Thursday, January 26, 2012

Making the web speedier and safer with SPDY


By Roberto Peon and Will Chan, Software Engineers

Cross-posted with the Chromium Blog

In the two years since we announced SPDY, we’ve been working with the web community on evolving the spec and getting SPDY deployed on the Web.

Chrome, Android Honeycomb devices, and Google's servers have been speaking SPDY for some time, bringing important benefits to users. For example, thanks to SPDY, a significant percentage of Chrome users saw a decrease in search latency when we launched SSL-search. Given that Google search results are some of the most highly optimized pages on the internet, this was a surprising and welcome result.

We’ve also seen widespread community uptake and participation. Recently, Firefox has added SPDY support, which means that soon half of the browsers in use will support SPDY. On the server front, nginx has announced plans to implement SPDY, and we're actively working on a full featured mod-spdy for Apache. In addition, Strangeloop, Amazon, and Cotendo have all announced that they’ve been using SPDY.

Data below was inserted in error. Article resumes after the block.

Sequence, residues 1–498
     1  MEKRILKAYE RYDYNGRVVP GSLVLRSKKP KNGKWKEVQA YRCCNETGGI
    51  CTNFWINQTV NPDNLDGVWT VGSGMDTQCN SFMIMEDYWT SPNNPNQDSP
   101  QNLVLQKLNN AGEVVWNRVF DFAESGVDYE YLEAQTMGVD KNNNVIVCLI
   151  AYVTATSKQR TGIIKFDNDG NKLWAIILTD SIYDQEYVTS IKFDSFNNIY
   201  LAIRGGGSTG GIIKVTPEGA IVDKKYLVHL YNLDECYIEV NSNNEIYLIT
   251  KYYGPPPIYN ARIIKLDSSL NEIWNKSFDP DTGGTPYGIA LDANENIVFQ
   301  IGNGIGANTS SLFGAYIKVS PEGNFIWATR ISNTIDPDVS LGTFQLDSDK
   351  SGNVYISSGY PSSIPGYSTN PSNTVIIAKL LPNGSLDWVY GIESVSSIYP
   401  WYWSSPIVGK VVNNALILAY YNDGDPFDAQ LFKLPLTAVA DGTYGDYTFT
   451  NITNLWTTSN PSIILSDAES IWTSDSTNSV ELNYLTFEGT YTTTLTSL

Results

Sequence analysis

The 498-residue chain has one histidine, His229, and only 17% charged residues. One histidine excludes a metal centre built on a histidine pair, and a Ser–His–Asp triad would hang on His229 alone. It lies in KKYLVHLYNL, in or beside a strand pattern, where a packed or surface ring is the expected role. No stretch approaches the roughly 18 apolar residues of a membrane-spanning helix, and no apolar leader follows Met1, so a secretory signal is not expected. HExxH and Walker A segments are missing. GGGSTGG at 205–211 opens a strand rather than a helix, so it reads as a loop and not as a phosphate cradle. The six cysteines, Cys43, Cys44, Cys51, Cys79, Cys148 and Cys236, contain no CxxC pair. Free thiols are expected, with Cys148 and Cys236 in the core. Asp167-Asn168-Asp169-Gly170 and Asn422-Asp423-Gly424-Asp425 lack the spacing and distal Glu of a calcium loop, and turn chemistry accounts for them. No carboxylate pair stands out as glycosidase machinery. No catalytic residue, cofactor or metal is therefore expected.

Given SPDY's rapid adoption rate, we’re working hard on acceptance tests to help validate new implementations. Our best practices document can also help website operators make their sites as speedy as possible.

With the help of Mozilla and other contributors, we’re pushing hard to finalize and implement SPDY draft-3 in early 2012, as standardization discussions for SPDY will start at the next meeting of the IETF.

We look forward to working even more closely with the community to improve SPDY and make the Web faster!

To learn more about SPDY, see the link to a Tech Talk here, with slides here.

Roberto Peon and Will Chan co-lead the SPDY effort at Google. Roberto leads SPDY server efforts and continues to tell people to be unafraid of trying to change the world for the better. Will works on the Chrome network stack and leads the Chrome SPDY efforts. Outside of work, Will enjoys traveling the world in search of cheap beer and absurd situations.

Posted by Scott Knaster, Editor


  1. Having it as an IETF standard and removing the "Experimental" tag from it would help its adaption.

  2. The plan is to resubmit to IETF soon, as mentioned in the blogpost.

  3. As an FYI from mbelshe: "Just hired @sorced_eng to work on an iPhone SPDY client."

  4. And for the record, it is already at least being discussed in IETF since the httpbis group is discussing "rechartering":